Medicaid is a cost-saving measure. But we think it deserves credit as something more: a risk management tool.
We’ve been talking recently about Medicaid as a way for companies to support workers and save on COBRA costs following a WARN notice. Strategically speaking, however, the best time to discuss Medicaid isn’t during layoffs.
The reality is, Medicaid can do the most good for your company when it’s used to proactively manage risk. Here’s why — and where to find risk-reducing opportunities.
How Medicaid Mitigates Risk
Risks come in many forms. All have the potential to hurt your bottom line, but they vary in how severe, likely, and addressable they are.
While the likelihood and severity of the following scenarios may be arguable, the value of Medicaid should they come to pass is not. Let’s look at them by category:
Supplier risks are those that limit your access to the goods and services you need. Medicaid can provide protection against:
- Rising benefits costs
Employers expect their health insurance costs to rise about 5% this year. Chances are good that you pay for part of your employees’ health insurance premiums, whereas employers pay nothing for those employees that waive the plan because they are on Medicaid. And remember, employees on Medicaid at the time of termination are not eligible for COBRA, which has hidden costs for employers.
- Point-of-care disruptions
Workers, especially those with chronic conditions, need care. But the industry’s complex delivery model is sensitive to shortages and delays.
Because insurers maintain networks, members’ options may be limited if a provider near them can’t fit them in or fill a prescription. In a recent Insure.com survey, 47% of Medicaid enrollees gave their network five stars, compared to 40% for employer plans.
- Supplier bankruptcies
Medicaid is funded by the federal government and administered by the states, whereas commercial health insurers are private companies. While not common, at least a dozen health insurance companies have declared insolvency in the last decade.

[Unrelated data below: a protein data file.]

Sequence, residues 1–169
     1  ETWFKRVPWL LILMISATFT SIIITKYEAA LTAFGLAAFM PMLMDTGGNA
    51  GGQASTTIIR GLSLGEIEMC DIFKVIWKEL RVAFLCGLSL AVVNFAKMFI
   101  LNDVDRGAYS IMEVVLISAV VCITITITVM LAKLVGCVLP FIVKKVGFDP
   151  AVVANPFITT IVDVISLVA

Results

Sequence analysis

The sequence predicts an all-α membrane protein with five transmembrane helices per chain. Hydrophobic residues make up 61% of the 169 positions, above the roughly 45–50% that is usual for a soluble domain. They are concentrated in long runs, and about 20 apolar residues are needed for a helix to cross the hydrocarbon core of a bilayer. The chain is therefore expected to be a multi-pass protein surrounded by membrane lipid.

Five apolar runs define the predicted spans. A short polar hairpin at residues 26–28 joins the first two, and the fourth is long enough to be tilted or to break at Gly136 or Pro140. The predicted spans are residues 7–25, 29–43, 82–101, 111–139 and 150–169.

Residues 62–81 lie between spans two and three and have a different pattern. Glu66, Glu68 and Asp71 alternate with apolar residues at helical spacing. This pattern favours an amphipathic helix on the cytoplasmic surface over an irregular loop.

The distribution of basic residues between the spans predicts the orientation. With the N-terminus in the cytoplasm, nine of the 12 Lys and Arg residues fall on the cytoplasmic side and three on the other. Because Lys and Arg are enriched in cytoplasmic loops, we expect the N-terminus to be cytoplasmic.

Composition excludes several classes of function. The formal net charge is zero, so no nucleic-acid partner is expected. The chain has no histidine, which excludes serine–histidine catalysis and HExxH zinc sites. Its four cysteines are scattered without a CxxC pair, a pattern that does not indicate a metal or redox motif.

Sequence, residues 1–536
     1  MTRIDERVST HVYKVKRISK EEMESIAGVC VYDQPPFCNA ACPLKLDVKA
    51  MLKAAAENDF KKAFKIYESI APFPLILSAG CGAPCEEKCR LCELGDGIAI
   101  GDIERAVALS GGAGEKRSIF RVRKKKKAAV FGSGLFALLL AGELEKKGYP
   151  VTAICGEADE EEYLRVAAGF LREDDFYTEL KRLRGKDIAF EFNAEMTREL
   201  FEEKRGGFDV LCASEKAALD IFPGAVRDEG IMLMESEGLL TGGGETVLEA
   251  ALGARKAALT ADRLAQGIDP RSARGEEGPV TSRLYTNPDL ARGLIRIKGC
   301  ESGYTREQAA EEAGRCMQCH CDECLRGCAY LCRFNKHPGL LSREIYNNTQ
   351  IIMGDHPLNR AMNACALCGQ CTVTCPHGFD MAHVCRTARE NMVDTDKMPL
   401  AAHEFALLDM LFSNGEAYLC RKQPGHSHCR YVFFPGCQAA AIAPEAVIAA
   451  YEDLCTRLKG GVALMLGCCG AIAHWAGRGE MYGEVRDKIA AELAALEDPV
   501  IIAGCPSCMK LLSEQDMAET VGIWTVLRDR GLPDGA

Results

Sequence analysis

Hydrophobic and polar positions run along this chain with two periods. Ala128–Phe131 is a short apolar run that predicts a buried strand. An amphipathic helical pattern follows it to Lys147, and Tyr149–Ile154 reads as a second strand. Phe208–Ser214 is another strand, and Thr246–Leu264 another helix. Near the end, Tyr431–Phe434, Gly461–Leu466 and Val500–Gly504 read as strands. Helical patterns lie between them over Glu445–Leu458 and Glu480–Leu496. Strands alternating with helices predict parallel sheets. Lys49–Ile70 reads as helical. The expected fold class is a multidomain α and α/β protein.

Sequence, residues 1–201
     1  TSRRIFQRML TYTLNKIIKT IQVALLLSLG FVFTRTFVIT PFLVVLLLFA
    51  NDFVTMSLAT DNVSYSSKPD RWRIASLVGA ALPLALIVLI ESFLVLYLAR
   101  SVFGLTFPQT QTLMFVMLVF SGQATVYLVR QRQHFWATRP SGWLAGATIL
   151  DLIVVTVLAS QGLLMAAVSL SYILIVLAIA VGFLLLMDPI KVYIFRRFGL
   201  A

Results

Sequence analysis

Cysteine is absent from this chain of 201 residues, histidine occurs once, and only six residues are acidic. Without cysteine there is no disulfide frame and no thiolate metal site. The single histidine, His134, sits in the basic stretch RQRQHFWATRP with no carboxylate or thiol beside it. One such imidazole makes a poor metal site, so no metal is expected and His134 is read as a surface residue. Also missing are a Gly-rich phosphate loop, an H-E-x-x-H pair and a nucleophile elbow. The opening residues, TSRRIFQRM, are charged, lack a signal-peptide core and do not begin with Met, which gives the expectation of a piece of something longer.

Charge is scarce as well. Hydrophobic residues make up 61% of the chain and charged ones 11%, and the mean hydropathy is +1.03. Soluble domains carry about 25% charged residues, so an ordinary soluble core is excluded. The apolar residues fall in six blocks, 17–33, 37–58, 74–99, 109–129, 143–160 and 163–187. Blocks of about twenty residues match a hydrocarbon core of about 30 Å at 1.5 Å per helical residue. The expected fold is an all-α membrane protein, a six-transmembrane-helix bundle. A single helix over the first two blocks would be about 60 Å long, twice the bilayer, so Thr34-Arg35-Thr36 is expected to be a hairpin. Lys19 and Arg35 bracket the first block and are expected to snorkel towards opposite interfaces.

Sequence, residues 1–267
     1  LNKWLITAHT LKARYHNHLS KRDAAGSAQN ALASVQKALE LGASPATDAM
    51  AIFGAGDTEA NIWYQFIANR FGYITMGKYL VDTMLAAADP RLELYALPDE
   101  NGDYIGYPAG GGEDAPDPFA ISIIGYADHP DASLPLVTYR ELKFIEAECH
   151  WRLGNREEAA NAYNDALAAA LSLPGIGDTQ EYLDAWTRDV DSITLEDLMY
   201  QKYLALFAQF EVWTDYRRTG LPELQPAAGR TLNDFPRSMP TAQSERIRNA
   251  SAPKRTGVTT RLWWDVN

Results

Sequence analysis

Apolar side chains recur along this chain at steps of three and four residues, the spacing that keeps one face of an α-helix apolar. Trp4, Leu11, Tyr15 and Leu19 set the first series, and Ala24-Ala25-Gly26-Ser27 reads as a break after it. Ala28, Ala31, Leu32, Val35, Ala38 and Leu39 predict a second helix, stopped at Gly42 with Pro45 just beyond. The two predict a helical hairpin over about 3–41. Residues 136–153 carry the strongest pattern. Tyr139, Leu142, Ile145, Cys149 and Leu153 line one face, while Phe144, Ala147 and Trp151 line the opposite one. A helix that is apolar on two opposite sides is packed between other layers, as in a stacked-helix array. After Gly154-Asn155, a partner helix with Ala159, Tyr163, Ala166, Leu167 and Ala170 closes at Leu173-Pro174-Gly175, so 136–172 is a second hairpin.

Labor risks are those that reduce or strain your human resources. Medicaid can reduce:
Research shows employees are more likely to stay in their position if they like their health plan. Medicaid reduces turnover because it removes the incentive for employees to seek another role for health insurance.
- Absenteeism and presenteeism
Workers with health insurance don’t miss as many work days. They can be both physically and mentally present, rather than struggling with an untreated condition or worrying about affording care. And because Medicaid also provides family coverage, including long-term care, they don’t need to worry about an ill spouse or child being uninsured.
Because workers who can access healthcare are generally healthier, they may be less likely to get injured or make mistakes on the job. Injuries and mistakes risk not just the worker’s productivity but the company’s property and legal liability.
Political risks are those that expose your company to undesirable developments in public affairs. With Medicaid, you don’t need to worry about:
- Changes to the health insurance landscape
The Supreme Court has already upheld both the Affordable Care Act generally and Medicaid expansion specifically. Any future challenge to Medicaid would need to find a new perspective that squares with those precedents.
True, the Trump administration approved waivers allowing states to charge premiums and impose work requirements on enrollees. But the Biden administration has since rolled them back, and there is no immediate path to rebut those changes.
These days, the states — both red and blue — tend to create many of employers’ headaches when it comes to private insurance. If California Senate Bill 1189 were to become law, employers would be required to develop and make public a policy for protecting employees’ biometric information. If Roe v. Wade is struck down, some states may limit private coverage for abortion.
- Political posturing
Every so often, a company becomes an unlucky target of one party’s or politician’s disaffection. Not even Disney is not immune.
There’s no need to announce you’re helping eligible workers access health insurance via Medicaid, but the consequences may be politically beneficial. For example, employees on Medicaid push down your uninsured rate — a meaningful statistic to those focused on labor rights.
The universe of risk is wide and deep. Medicaid can make a surprising dent on the everyday ones, like absenteeism, and the longer-term ones, like a changing health insurance landscape.